Amid increasing criticism from politicians of both parties –except one notably high profile one — that he is not tough enough or doing enough, President Barack Obama has created an oil spill panel: but is it too little too late?
The news that in addition to trying to assess the situation and slap a band aid on it comes via this news story:
The president has called on former Sen. Bob Graham and former Environmental Protection Agency Administrator William Reilly to lead the National Commission on the BP Deepwater Horizon Oil Spill.
Mr. Graham is a former two-term governor of Florida and served for 18 years in the U.S. Senate. Mr. Reilly is a founding partner of Aqua International Partners LP, a private equity fund that invests in water and renewable energy companies. He’s also a senior adviser to TPG Capital LP, an international investment partnership.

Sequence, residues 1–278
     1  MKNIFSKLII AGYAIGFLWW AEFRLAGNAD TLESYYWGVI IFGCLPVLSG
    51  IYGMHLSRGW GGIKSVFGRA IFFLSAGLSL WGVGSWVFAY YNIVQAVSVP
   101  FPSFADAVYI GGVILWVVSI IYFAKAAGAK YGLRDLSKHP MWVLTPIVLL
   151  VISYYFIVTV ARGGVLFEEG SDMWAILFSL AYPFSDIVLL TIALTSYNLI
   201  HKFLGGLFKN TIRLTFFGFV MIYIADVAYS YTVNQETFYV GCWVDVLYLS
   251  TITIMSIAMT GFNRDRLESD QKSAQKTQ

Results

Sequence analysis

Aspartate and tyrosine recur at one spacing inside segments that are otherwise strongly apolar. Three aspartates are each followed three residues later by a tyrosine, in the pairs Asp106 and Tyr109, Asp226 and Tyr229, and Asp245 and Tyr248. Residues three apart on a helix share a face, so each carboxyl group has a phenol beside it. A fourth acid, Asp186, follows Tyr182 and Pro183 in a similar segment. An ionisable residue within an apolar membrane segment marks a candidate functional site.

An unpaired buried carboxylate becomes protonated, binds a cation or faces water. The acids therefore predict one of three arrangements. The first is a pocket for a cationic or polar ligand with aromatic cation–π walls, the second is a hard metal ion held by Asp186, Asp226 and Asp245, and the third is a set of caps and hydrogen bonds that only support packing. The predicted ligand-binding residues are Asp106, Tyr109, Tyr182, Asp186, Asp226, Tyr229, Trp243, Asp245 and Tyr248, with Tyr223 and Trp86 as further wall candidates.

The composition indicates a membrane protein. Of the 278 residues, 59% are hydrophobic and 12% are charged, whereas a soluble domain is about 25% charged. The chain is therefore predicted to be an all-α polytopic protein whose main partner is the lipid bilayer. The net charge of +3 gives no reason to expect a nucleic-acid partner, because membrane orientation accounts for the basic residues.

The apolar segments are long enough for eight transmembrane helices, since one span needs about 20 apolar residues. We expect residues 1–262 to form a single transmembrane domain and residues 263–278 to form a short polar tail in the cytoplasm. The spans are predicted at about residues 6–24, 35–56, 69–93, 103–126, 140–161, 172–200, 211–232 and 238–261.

“I can’t think of two people who will bring greater experience or better judgment to the task at hand,” Mr. Obama said.
The president plans to appoint five other people to the bipartisan commission—but no sitting government employees or elected officials. The panel will focus on environmental and safety precautions needed to prevent future accidents.
“What led to this disaster was a breakdown of responsibility on the part of BP and perhaps others, including Transocean and Halliburton,” the president said. “We will continue to hold the relevant companies accountable not only for being forthcoming and transparent about the facts surrounding the leak, but for shutting it down, repairing the damage it does, and repaying Americans who’ve suffered a financial loss.”